A new case concerning a hot water system disagreement between leaseholder and freeholder in an apartment in the London Borough of Camden, has reached an important conclusion: a ruling that the Unfair Terms in Consumer Contracts Regulations apply to the service charge provisions of long leases. The decision in the present case could be determinative of contribution obligations if similar cases arise elsewhere under similar leases.
In this case, a long lease of a flat within the Brunswick Centre Complex, Camden, was purchased from the council under the Right to Buy scheme. The heating system was sub-standard and, in 2005, the leaseholder replaced it and disconnected from the complex’s heating system.
The local council, the London Borough of Camden, then replaced the heating system for the entire block. Subsequently, the leaseholder adapted their system to once again tap into the hot water supplied by the block-wide system. These works were approved by the Council.
The Council did, however, expect the leaseholder to pay, by way of increased service charge, a portion of the costs of installing the new heating system, amounting to reputedly around £14,000.
The leaseholder in this case believed that it was unfair he should contribute towards the wider heating system, when he had already paid for the installation of his own new heating system.
The leaseholder’s liability to pay service charges was linked to the council’s obligations as freeholder under the long lease. Therefore the question of whether the leaseholder had to contribute towards the costs of replacing the heating would be answered by identifying the extent of the council’s obligations.
Under the terms of the official lease, the council was reputedly required to renew heating apparatus unless it exclusively served a particular flat and did not comprise part of the general heating system for the block. As the leaseholder’s system was, in fact, connected to the block wide system, it did come under the Council’s renewal obligations.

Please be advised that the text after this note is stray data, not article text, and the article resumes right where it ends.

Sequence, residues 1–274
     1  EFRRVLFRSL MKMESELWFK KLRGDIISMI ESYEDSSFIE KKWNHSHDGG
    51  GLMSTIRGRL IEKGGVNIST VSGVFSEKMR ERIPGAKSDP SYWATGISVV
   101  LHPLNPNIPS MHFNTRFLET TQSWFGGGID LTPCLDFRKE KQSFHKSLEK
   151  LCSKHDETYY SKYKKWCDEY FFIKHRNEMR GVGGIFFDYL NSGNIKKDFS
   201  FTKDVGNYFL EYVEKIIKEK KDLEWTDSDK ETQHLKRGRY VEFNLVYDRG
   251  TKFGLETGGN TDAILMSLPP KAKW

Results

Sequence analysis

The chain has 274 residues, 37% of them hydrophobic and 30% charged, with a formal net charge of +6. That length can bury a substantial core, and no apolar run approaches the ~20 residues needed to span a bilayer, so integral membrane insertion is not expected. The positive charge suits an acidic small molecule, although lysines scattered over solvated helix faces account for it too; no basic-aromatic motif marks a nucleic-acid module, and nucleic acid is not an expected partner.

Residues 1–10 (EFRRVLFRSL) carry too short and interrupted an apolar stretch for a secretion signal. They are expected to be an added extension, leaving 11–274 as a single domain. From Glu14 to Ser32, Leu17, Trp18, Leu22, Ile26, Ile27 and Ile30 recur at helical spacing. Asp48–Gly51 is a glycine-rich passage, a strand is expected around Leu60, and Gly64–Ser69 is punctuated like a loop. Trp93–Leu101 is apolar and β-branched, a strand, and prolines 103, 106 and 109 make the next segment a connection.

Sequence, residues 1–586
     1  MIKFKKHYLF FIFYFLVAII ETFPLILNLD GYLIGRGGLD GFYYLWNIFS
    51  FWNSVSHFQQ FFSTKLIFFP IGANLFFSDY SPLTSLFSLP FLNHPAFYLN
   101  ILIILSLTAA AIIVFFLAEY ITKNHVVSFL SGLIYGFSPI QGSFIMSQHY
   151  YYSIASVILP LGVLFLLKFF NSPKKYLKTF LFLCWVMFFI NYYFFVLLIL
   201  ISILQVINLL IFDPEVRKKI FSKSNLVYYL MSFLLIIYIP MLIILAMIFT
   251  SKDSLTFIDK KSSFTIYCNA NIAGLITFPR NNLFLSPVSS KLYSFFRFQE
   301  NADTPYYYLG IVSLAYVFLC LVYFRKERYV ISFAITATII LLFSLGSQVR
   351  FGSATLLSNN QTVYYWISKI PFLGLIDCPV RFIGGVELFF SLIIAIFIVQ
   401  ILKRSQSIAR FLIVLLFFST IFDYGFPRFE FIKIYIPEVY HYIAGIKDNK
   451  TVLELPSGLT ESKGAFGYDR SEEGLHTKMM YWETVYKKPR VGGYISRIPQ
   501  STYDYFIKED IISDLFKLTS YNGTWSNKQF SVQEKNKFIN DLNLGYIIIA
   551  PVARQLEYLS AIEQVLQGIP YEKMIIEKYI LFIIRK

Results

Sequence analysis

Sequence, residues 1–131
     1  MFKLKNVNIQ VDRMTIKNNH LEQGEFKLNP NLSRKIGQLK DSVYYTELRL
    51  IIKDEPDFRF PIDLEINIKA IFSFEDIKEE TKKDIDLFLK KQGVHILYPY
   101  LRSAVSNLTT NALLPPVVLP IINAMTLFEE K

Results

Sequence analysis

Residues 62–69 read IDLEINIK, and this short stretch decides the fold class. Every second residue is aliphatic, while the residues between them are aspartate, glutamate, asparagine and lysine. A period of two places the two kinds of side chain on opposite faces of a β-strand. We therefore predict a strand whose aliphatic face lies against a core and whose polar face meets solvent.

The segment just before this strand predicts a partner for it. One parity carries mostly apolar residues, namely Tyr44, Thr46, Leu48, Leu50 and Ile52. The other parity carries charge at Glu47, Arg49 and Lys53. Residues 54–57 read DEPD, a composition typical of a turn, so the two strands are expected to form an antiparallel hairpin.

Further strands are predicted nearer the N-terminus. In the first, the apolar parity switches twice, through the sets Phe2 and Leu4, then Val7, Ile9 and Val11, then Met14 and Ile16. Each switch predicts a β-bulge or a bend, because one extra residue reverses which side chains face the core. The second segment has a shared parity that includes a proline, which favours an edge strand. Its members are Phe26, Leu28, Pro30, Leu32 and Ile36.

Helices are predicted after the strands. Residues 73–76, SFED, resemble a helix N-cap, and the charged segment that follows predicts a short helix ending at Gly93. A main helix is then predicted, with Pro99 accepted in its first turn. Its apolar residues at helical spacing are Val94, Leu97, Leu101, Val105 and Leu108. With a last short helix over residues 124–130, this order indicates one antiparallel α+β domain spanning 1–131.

Accordingly, the leaseholder was obligated to pay its contribution to the wider heating system of which it was a part. It would not have had to if it had remained serviced by a completely separate system.
The Consumer Protection Legislation
The lease listed three methods the Council could use to apportion the expenditure to each apartment in the complex. One was the use of rateable values as the basis of apportionment. The other options were more favourable to the leaseholder, but the council did not use them. Each option was expressed as an alternative, with no restriction on the situation in which any of them applied.
The leaseholder argued that under the Unfair Terms in Consumer Contracts Regulations of 1999, the law required the Council to choose the method of apportionment most favourable to him.
The Upper Tribunal decided that, although the regulations did apply, they had not been breached and the leaseholder’s claim in this respect failed. The Upper tribunal apparently stated:
“The Regulations are applicable but I do not consider the provisions for the apportionment of the Service Costs between the tenants is unfair having considered the criteria set out in…Director General of Fair Trading v First National Bank plc  UKHL 52…The provisions are not unfair as they are not “contrary to the requirements of good faith … cause[ing] a significant imbalance in the parties’ rights and obligations to the detriment of the consumer”.
The last issue of the case was whether the service charges were “reasonably incurred” as required by s.19 of the Landlord & Tenant Act 1985.
Despite the fact that the leaseholder had himself replaced the internal pipework and apparatus, and not the council, it was upheld that the charges were reasonable. We understand the Tribunal stated:
“[the leaseholder] purchased the lease of 170 O’Donnell Court with knowledge (actual or imputed) that works to the communal heating system were to be undertaken in the near future by the landlord…The [leaseholders] state that they were not alone in resorting to self-help in providing their own heating system. However, it appears that the other flat owners who did resort to self-help did so by disconnecting themselves from the communal system and by relying on “stand-alone” systems [and were not asked to pay the service charge].”
Thus, by linking back in to the communal system the leaseholder incurred himself an extra £14,000 worth of costs. The most interesting section of this case, from a legal standpoint, is that the Tribunal did rule that the 1999 Unfair Terms Regulations applied to service charges.
It was observed by the Tribunal itself that this case mirrored many other Right to Buy leases in London, meaning that the decision in the present case could be determinative of contribution obligations if similar cases arise elsewhere under similar leases.